The A12 should bring a big leap in performance and efficiency compared to the company's prior generation A11 Bionic chip, thanks to design improvements by Apple coupled with a migration to Taiwan Semiconductor Manufacturing Company's (TSM 0.86%) new 7-nanometer chip manufacturing technology.
The Taiwan Semiconductor (TSMC) 7-nanometer technology, referred to as N7, promises performance, power efficiency, and chip area improvements over the N10 technology that's used to manufacture Apple's A11 chip.
According to TSMC executives on the company's most recent earnings conference call, N7 is now in high volume production. It's very likely that the lead product to be manufactured on TSMC's N7 technology is the Apple A12 chip, which seems to indicate that TSMC has begun producing Apple's A12 chip.
The good news for Apple, then, is that this is right on schedule. Allow me to explain.
It takes time to build chips
Chips are produced by applying a complex series of processing steps to a silicon wafer. The processing of a wafer is so complex that it doesn't just take a few hours or even a few days to go from a blank wafer to a fully processed one -- it generally takes months.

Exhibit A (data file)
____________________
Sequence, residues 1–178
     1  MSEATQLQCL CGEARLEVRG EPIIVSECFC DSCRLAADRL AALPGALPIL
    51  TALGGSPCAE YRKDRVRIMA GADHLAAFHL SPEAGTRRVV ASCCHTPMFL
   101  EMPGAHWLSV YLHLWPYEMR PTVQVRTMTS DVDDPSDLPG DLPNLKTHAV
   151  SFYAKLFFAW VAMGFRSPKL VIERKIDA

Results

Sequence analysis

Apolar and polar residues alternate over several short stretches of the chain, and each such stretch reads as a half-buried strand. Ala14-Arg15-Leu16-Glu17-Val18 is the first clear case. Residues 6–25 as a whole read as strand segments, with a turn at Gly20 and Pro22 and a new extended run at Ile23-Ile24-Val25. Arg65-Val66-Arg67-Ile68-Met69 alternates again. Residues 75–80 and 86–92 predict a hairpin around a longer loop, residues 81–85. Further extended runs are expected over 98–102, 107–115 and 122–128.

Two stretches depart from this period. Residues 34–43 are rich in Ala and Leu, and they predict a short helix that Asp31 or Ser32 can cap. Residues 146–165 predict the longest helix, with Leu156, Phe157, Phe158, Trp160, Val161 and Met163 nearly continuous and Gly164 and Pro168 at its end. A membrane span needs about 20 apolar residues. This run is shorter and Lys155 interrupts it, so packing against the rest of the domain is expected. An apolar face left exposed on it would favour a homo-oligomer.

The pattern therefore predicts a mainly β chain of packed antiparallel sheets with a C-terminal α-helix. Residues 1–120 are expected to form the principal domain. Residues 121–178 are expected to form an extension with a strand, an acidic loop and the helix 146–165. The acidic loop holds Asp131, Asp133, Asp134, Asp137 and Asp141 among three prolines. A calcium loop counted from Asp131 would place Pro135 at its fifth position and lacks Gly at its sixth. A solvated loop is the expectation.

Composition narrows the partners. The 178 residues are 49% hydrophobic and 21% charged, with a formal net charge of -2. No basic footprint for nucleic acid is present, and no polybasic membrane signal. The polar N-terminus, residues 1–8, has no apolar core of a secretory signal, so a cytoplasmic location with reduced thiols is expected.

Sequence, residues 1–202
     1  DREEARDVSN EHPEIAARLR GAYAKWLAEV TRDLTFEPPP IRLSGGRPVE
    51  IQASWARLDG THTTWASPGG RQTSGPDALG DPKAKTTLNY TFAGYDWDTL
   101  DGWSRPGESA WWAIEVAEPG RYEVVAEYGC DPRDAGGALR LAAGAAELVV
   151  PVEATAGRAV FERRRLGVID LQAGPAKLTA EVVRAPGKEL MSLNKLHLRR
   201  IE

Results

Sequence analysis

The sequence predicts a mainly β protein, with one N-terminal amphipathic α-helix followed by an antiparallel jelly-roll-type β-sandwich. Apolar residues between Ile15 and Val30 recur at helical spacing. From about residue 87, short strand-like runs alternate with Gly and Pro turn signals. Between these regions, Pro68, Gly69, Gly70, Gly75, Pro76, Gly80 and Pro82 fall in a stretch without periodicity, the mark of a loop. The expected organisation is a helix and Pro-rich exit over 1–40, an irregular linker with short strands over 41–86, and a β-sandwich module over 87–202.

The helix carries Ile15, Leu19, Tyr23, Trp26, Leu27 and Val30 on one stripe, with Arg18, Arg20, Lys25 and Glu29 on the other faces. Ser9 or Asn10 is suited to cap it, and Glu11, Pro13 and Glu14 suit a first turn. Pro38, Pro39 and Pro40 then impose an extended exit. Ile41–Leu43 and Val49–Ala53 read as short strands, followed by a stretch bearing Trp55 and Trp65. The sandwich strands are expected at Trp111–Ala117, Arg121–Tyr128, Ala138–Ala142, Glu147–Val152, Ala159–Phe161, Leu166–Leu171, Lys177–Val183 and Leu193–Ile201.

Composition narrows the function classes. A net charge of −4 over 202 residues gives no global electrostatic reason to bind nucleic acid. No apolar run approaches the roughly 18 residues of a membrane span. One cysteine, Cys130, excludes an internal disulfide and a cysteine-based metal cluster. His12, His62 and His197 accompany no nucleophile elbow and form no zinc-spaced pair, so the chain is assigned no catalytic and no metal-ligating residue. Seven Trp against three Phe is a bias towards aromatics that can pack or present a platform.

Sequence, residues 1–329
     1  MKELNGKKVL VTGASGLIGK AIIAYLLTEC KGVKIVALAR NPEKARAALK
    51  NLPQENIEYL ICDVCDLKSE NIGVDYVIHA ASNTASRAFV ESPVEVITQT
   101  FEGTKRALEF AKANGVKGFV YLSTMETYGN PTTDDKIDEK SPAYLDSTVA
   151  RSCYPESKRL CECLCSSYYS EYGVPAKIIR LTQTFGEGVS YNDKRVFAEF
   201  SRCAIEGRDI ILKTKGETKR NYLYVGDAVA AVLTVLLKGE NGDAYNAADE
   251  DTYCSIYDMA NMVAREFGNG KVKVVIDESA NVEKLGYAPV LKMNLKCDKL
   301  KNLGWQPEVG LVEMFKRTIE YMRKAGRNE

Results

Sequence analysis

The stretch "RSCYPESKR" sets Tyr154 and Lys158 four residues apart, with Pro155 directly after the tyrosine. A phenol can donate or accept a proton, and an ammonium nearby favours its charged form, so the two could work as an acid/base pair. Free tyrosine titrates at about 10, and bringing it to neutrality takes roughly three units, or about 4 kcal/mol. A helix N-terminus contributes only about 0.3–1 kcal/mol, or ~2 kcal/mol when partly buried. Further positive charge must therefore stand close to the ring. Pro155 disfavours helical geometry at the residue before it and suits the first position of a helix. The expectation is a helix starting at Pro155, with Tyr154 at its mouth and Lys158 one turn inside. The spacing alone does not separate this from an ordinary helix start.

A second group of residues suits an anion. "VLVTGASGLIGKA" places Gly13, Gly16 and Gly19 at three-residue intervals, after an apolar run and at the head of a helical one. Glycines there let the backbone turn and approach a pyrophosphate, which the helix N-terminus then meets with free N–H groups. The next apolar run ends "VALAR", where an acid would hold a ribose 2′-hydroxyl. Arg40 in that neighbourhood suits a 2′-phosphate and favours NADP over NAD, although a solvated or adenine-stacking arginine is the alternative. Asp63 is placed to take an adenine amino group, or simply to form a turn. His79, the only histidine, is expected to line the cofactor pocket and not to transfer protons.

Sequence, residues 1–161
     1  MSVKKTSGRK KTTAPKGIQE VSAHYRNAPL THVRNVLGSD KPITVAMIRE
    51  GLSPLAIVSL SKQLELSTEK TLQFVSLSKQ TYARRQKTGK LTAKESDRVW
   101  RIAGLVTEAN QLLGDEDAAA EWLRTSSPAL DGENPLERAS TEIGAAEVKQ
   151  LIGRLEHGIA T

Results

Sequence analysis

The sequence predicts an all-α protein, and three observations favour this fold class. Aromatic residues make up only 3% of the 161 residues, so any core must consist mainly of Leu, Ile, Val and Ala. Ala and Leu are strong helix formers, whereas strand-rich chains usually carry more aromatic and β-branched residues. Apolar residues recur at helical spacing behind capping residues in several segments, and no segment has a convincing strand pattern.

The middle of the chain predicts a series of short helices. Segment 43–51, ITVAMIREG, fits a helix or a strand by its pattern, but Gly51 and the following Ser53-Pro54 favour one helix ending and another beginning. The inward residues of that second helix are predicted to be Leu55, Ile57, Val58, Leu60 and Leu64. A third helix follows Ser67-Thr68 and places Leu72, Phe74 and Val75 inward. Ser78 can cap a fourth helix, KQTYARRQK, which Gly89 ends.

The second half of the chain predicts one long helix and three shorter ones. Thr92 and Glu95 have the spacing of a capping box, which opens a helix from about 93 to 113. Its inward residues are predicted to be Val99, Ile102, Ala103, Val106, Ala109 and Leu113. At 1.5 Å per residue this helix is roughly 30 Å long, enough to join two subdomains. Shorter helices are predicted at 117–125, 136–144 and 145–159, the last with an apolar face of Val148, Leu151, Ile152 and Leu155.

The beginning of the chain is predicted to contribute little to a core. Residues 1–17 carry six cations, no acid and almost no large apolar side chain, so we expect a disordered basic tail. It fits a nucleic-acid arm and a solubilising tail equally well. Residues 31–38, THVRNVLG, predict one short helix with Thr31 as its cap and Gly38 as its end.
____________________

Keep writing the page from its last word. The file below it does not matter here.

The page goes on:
A good rule of thumb is that it takes around three months to go from a blank wafer to a fully processed one. After the wafer is processed and the individual chips, known as dies, are freed, the chips are then mounted onto silicon packages, tested, and sent to the customer (in this case, Apple's contract manufacturers). The packaging and testing take additional time.
On top of the significant time needed to build, package, and test the chips from start to finish, it takes time for Apple's contract manufacturers to incorporate those chips into finished devices.
Right on cue
If Apple is going to be shipping millions of new iPhones to customers within weeks of their announcements sometime in mid-September, then it'll need to have finished iPhones rolling off the production lines sometime in mid-to-late August.
Considering how long it takes to go from a blank silicon wafer to a fully packaged and tested processor, and considering the sheer volumes of A12 chips that Apple will need to support its launch, it makes perfect sense that TSMC is starting to produce the chips now, in April.
If we assume production began on April 1, then the first chips should be rolling off TSMC's manufacturing lines roughly three months later, in early July. If Apple's contract manufacturers get the first batches of A12 chips in early July, then it's reasonable to expect fully finished iPhones to start coming out in late July or early August. With enough lead time, Apple should be able to produce millions of these phones to support a launch in September.
In other words, everything seems to be going to plan. We'll get to see just how good both TSMC's N7 manufacturing technology and Apple's A12 chip design are in less than six months -- and I can't wait!